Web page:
Dwarsligger by Observatorium in Aalst, Belgium


Aalst, Belgium, Belgium, Essen,

European Green Capital, Essen European Green Capital 2017,

The city of Aalst in Belgium is divided by the river Dender but has no relationship with the water.

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Dwarsligger by Observatorium in Aalst, Belgium The city of Aalst in Belgium is divided by the river Dender but has no relationship with the water. Until now, with the work of Dutch public art collective Observatorium who have crafted a pontoon so the community can engage with the river.

Art as a driver of social change lies behind the work of the four artists of  Observatorium. From “Waiting for the River”, the habitable zigzag bridge that has been reopened as part of Essen European Green Capital 2017 to Zandwacht,  the sculpture where sand is collected and built up as a dune, these artists influence the way people see and experience any given place.
This is also true for Dwarsligger, a 9-tonne wooden pontoon that is as long as the Dender river is wide, so when it is positioned crosswise, it turns into a floating bridge connecting the riverbanks in the Belgian city of Aalst. Observatorium completed this in collaboration with the city council of Aalst and Netwerk Center for contemporary art as part of an urban renewal plan to bring the city and its communities closer to their river, which is cut off from their lives because it is hard to access and mainly used for industry.
Following the logic of the Dutch collective's gentle art of place-making, Dwarsligger - which means “railway sleeper” (but also “fractious”, sort of reflecting the nature of the Aalst inhabitants) - not only connects the two banks of the Dender at places where they have always been seperate, but because it floats, it becomes a kind of pontoon that can be used to explore the city, seeing from the the aqua incognita. Andre Dekker, an artist from Observatorium and bridge keeper for the first three weeks of Dwarsligger kept a logbook about the adventures of the floating structure and the experiences of the users; it has been decorated with drawings by Gent-based Belgian artist, Rose Moens. The response of the people was so positive that now City Hall is receiving lots of requests to privately use Dwarsligger as a location for parties, events etc.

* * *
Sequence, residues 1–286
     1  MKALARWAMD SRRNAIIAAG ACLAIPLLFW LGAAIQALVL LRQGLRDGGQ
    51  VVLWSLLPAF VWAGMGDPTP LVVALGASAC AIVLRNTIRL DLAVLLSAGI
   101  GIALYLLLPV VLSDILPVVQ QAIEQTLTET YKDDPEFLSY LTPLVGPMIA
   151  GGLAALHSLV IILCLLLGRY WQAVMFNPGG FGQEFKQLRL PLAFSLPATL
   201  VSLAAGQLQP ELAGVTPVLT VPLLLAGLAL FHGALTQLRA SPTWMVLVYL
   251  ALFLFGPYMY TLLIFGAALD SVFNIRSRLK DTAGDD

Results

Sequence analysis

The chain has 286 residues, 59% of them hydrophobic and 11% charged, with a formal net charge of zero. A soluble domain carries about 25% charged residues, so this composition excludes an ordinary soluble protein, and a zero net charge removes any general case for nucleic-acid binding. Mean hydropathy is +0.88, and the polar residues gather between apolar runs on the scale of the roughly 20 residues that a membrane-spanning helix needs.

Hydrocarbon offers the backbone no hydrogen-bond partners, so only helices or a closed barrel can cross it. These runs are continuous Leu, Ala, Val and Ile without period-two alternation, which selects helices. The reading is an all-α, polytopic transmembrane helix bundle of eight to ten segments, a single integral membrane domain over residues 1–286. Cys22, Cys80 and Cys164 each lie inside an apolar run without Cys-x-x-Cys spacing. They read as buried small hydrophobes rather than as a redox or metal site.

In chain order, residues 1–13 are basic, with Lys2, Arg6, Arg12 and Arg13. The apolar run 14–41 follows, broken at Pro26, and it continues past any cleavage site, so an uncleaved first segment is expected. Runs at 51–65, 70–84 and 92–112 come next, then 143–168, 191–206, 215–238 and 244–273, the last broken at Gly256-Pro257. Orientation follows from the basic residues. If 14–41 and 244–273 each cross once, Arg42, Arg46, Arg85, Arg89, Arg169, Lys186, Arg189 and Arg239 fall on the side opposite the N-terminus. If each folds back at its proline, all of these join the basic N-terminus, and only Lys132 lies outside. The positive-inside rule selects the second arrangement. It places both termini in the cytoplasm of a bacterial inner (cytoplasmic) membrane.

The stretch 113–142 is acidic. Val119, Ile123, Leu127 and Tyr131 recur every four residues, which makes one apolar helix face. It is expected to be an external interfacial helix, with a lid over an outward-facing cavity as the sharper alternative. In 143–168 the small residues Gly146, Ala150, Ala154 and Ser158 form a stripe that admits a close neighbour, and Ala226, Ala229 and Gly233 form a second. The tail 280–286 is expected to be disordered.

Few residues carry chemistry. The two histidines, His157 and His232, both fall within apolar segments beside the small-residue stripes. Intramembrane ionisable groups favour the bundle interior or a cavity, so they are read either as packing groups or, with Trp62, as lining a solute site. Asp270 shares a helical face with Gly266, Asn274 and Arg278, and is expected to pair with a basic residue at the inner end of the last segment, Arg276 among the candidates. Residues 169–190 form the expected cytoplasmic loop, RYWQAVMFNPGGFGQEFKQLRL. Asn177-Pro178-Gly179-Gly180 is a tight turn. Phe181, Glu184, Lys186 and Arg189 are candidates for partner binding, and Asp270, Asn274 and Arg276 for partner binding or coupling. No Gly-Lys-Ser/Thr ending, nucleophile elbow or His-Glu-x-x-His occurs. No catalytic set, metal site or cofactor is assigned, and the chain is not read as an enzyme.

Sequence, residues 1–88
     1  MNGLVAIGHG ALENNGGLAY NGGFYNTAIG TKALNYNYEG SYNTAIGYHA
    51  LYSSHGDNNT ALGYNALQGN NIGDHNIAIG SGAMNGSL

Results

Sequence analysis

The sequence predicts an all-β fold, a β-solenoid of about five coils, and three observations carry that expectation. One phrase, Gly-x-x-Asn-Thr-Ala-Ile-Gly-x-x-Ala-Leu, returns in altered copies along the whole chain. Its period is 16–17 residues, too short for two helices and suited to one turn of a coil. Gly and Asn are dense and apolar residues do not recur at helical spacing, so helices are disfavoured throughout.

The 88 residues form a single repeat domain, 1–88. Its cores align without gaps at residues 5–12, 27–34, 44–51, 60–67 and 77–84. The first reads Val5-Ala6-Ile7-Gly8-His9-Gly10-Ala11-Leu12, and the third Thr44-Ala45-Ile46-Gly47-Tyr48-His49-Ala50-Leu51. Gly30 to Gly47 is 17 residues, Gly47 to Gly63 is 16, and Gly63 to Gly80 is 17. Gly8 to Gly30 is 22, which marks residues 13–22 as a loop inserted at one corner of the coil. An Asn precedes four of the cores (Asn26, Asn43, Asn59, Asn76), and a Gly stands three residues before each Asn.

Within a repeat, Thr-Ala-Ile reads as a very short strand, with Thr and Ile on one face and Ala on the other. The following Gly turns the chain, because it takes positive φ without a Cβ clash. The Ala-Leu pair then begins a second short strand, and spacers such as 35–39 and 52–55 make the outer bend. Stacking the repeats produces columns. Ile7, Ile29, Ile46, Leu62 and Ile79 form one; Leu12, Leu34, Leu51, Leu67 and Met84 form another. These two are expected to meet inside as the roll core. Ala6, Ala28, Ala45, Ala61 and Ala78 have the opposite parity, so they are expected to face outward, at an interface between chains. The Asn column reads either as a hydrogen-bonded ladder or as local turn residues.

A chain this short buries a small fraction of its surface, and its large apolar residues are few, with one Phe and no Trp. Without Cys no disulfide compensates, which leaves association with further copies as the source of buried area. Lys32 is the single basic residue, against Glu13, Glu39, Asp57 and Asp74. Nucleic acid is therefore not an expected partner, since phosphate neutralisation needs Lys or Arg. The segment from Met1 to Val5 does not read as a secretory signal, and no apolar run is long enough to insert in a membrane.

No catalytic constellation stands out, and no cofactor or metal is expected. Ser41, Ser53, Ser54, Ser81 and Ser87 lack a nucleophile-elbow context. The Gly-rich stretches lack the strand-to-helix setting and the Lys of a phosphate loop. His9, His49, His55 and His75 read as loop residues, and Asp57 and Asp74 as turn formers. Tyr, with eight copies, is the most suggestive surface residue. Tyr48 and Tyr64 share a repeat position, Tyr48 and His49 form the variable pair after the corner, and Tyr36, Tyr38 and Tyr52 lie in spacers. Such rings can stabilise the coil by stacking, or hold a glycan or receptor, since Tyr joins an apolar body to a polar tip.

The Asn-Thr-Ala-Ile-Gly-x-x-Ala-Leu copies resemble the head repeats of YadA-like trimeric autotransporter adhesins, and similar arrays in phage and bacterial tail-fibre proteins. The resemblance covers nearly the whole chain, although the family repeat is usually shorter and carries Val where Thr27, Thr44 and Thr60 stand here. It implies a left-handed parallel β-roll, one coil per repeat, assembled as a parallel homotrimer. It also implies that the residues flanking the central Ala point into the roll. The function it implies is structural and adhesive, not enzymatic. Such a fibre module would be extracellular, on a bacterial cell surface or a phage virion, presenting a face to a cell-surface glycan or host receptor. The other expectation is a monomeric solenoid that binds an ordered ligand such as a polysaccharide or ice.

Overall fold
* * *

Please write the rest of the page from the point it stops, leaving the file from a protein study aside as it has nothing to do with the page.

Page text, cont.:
The artistic work of Observatorium has once again showed just what art can bring to cities in transition because now that a close relationship with the Dender river has been created, the community wants to keep it, forcing the local government to do something more - to the benefit of both the inhabitants and the sustainability of the city.

Christiane Bürklein

Project: Observatorium
Location: Aalst, Belgium
Year: 2017
Images courtesy of Observatorium


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